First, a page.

Sunday, 5 December 2010

I've Got Wood for Settlers of Catan

Recently the content of this blog has been largely to do with computer games. I believe that videogaming is merely but one of many forms on gaming, though it must be said it is a very important one. To steer 103's content away from games consoles and the like I could easily wax lyrical about the joys of traditional pub and board games or I could bore you with endless suggestions, reviews and strategies for very obscure games that don't require a HD display to enjoy. I could talk about Apples 2 Apples or I could explain the intricate human experiment that is the parlour game of Mafia (and I may even choose to do so in future posts) but if I am going to direct your attention to a game that is worth your time in a big way I would have to go for Settlers of Catan

The Settlers of Catan


Every time you play Settlers, the game board is a randomly generated honeycomb from a deck of hexagons. Each six-sided tile on the board represents a land mass that produces a particular type of resource such as bricks, wood and sheep(!). The rough objective of the game is develop and expand your settlement and its economy faster than any of your opponents, where the snag is that development requires resources and the game is designed so that no one player is likely to be able to meet all their own resource requirements at any given time. It's frustrating not being able to build a city because you can't find enough gosh darned wheat, especially when your mate across the board is awash with the stuff and will not trade.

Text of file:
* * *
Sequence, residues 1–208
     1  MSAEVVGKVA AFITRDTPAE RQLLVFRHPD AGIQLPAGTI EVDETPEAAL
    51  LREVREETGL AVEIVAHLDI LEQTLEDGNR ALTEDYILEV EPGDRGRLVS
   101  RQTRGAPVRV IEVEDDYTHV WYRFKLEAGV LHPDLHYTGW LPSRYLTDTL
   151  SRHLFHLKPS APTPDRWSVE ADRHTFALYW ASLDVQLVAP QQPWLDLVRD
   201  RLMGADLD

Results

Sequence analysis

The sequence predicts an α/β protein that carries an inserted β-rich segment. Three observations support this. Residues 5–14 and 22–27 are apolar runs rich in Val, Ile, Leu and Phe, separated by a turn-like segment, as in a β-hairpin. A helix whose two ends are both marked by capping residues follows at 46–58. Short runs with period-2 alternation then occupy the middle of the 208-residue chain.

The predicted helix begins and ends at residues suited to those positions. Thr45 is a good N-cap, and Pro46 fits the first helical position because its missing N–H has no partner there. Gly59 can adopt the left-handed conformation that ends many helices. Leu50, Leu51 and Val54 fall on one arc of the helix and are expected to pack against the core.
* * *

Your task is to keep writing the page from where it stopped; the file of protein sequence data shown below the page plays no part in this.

Shrewd cooperation and diplomacy becomes a necessary aspect of gameplay and Catan delivers a great social gaming experience that is never quite the same twice. The social aspect of the game also allows less experienced gamers to effectively impose a trade embargo on players that develop too quickly and this usually results in a tense endgame and a dramatic conclusion. More importantly, the game usually resolves itself within a reasonable time limit of 90 mins including set-up and explanation so a host could easily include Settlers as part of a nice 'n' nerdy social experience at their home.

Without going into the rules too much (although I assure you that they are very easy to pick up, even for inexperienced/casual or young players) I can say that this game is way better value for your money than most games that are out there on the market. It's replay value is immense and every penny you spend on the game is worth it to be able to say "I've got wood"* every 5 minutes. There are also very good expansions for this game should you want to go more hardcore with it. An essential purchase for board game enthusiasts,

*if little ones are playing I prefer to call that particular resource 'lumber'.

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